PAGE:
The Flow Music tin whistle guide part 1: entry-level

A few students have asked me about different types of whistles as the choice and range can be confusing. This is an overview of what is available and where to find out some more information. I haven’t tried or heard every model that is out there so the views are my own and are impartial. They are also incomplete and so liable to change.

The focus is on D whistles, sometimes referred to as soprano whistles. These are the ones most useful for playing the traditional music of these islands. We’ll look at the lower and upper areas of the market and also consider shapes, materials, different keys and low whistles.

More detailed reviews of inexpensive whistles, high-end whistles and low whistles can be found at Chiff and Fipple, although some of the information and links are not totally up to date. Check their discussion boards for more details.

Entry-level whistles

One of the many beautiful things about the tin whistle (or penny whistle, or just plain whistle) is that quite often the first whistle that you buy to get you started can be the only one that you will ever need. That’s a rare thing for a musical instrument, particularly one that is inexpensive to begin with, since by and large you get what you pay for. This is certainly true of flutes, for example.

Entry-level whistles are the ones that you see in music shops and I have taken the £30 mark as my cut-off point for these whistles. Anything more and they are becoming serious in my opinion.

Clarkes and then Generation used to be the only ones that were available, but over the years they have been joined by other makers. They come in a variety of finishes, brass and nickel-coated brass being the most common.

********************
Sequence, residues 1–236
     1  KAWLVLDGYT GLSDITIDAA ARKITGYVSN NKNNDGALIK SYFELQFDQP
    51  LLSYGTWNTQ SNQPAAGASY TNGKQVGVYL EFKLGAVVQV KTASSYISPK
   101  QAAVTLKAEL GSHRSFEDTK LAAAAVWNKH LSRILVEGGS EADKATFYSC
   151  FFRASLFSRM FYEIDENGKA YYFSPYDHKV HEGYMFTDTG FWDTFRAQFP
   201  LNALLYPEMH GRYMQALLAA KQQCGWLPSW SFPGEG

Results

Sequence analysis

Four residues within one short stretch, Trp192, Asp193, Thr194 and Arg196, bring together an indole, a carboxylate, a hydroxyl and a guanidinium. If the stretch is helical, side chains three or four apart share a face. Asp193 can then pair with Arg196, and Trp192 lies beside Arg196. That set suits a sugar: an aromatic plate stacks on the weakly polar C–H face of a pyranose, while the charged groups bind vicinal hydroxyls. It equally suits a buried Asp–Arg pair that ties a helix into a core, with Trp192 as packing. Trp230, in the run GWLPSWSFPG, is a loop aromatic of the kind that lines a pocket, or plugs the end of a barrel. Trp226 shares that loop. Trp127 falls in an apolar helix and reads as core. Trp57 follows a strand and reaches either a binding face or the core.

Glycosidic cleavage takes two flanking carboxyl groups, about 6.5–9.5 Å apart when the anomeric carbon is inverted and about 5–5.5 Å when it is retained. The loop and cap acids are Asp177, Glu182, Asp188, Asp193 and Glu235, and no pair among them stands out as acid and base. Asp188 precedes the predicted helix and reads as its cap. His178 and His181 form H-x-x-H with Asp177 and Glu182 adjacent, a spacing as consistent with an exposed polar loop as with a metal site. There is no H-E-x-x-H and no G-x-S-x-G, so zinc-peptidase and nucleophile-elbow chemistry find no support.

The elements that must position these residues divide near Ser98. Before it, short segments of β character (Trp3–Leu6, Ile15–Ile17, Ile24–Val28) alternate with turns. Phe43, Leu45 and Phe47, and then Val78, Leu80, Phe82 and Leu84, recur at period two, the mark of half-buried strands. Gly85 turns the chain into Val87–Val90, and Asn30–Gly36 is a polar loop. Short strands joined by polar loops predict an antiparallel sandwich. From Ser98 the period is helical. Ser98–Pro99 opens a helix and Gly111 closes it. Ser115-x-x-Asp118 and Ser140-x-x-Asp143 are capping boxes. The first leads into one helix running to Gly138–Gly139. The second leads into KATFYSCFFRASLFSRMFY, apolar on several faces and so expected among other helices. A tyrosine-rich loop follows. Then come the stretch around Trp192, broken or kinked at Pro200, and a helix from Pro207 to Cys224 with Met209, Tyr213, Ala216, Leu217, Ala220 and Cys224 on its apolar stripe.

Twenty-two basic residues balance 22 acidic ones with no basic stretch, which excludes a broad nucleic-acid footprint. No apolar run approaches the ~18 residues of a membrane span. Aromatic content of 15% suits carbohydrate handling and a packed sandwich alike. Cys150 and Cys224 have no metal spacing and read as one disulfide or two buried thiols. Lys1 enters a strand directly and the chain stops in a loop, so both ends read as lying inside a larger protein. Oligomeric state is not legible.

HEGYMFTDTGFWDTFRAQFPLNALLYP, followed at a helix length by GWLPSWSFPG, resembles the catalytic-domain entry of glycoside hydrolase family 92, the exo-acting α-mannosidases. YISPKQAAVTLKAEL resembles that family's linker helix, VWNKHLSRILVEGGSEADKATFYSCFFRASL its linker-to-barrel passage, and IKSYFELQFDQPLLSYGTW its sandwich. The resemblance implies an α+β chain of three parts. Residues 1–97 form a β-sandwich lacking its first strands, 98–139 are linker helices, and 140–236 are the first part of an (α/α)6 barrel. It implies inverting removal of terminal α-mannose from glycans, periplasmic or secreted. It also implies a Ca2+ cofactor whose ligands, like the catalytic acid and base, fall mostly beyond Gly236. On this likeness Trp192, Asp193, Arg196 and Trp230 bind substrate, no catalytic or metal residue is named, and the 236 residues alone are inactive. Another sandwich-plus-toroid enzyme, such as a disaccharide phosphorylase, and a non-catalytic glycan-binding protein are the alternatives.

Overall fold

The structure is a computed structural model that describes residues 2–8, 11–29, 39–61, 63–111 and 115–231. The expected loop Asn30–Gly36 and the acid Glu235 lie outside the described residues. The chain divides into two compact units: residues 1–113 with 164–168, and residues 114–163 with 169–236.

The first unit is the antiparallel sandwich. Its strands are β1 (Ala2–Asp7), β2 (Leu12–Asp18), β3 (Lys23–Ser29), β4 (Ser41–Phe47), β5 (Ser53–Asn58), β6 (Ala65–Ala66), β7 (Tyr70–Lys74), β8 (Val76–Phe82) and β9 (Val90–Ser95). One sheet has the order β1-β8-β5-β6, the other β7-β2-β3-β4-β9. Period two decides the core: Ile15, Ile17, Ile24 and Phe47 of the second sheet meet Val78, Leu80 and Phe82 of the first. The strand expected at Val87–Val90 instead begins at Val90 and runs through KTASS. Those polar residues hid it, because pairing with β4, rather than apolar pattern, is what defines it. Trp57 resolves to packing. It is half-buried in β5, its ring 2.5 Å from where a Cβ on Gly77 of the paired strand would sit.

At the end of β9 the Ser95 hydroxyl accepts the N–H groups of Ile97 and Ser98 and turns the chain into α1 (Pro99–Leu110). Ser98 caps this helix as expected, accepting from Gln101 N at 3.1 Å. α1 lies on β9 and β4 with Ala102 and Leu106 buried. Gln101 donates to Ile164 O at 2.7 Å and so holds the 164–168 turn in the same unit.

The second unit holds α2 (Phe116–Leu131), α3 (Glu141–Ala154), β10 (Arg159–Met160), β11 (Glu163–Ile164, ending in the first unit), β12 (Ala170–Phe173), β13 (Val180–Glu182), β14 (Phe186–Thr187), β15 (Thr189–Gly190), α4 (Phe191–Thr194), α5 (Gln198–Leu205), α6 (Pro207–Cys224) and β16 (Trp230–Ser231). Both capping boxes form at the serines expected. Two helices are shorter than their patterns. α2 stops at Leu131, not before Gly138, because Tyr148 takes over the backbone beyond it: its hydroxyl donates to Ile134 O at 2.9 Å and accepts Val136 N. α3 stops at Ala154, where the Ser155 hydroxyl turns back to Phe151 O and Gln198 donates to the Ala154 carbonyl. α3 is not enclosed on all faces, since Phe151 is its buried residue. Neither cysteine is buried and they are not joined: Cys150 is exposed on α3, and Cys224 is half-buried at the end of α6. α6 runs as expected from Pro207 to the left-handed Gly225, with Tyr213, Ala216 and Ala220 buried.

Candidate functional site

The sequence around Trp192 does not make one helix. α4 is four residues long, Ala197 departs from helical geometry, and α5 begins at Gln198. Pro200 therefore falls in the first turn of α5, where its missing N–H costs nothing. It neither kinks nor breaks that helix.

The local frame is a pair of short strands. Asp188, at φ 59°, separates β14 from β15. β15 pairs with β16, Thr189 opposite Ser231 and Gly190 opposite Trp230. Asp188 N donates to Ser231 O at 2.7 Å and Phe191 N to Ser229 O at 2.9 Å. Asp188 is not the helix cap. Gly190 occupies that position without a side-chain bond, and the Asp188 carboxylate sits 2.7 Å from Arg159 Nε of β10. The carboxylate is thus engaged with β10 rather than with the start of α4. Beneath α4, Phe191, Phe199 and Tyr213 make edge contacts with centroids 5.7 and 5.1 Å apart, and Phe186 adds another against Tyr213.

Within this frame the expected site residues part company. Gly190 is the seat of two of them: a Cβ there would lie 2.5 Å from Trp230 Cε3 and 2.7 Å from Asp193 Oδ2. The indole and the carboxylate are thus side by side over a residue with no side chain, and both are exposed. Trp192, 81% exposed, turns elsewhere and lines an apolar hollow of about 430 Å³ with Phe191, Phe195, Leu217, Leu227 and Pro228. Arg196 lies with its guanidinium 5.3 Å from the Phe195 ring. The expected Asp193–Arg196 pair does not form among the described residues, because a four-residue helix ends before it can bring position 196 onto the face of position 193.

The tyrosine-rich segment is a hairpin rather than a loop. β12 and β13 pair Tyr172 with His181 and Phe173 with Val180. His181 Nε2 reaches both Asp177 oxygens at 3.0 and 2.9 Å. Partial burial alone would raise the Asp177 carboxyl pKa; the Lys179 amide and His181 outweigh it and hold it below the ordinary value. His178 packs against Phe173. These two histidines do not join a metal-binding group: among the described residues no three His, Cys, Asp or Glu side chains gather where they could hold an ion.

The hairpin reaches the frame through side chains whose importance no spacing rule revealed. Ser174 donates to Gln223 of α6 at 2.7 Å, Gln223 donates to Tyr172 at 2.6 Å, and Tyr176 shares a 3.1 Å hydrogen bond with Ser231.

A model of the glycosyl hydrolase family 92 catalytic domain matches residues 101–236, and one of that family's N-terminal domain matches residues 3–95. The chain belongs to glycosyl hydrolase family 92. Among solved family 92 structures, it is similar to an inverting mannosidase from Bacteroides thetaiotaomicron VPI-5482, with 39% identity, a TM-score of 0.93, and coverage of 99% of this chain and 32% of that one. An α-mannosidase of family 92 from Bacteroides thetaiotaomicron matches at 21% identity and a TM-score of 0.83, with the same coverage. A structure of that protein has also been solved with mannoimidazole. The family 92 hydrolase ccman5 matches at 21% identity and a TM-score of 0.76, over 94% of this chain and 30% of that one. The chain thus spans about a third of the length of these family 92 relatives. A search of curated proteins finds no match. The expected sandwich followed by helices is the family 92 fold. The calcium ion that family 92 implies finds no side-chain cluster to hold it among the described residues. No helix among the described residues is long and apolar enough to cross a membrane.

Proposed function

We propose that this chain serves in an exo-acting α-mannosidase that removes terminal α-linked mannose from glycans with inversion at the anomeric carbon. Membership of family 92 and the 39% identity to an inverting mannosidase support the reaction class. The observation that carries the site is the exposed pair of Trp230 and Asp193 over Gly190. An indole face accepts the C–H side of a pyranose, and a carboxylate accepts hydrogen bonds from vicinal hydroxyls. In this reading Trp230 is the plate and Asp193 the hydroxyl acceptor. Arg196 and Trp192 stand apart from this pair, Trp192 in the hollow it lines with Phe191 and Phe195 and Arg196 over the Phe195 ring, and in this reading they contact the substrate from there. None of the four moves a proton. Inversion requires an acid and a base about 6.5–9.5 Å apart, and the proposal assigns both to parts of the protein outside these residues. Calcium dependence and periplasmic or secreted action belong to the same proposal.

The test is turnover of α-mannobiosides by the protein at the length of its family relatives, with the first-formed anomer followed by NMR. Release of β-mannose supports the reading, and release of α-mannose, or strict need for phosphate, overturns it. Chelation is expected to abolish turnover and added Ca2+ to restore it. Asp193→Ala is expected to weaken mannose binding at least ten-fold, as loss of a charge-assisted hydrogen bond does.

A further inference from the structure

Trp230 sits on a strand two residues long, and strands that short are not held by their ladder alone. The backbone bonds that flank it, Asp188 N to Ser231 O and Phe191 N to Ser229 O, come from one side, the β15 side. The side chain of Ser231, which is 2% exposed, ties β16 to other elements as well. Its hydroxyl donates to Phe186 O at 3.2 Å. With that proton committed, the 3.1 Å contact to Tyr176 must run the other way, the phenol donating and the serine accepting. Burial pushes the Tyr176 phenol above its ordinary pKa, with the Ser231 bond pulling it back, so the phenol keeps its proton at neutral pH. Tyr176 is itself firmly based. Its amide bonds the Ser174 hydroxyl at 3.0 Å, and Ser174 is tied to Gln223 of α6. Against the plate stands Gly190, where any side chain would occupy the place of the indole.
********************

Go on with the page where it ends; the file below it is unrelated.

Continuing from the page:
• Clarkes: the original makers. These used to be in C only, but they have widened their range. They used to have a conical shape (a tapered bore, getting narrower at the bottom) and a wooden block at the mouth piece. They tend to be fairly quiet and breathy-sounding and are not tunable, but can be enjoyable to play. The range has been extended to include the Meg and Sweetone models, which both have improved mouthpieces. The Meg has slightly higher manufacturing standards and tone, while the Sweetone comes in a wide range of colours. There has been some discussion on the internet about these, including this thread on Chiff and Fipple.
  • Generation: these were the first makers to come up with a range of different keys and the choice of finishes — brass (red mouthpiece) or nickel-coated (blue mouthpiece). For many years these were the only ones that people played and were sometimes tweaked and modified by the players to improve them. I have a number of these and they are still popular. However, I have heard of declining quality control, so don’t be afraid to try out a few in a shop until you are happy with the instrument. That statement is probably true for any of the instruments. Try before you buy if you can.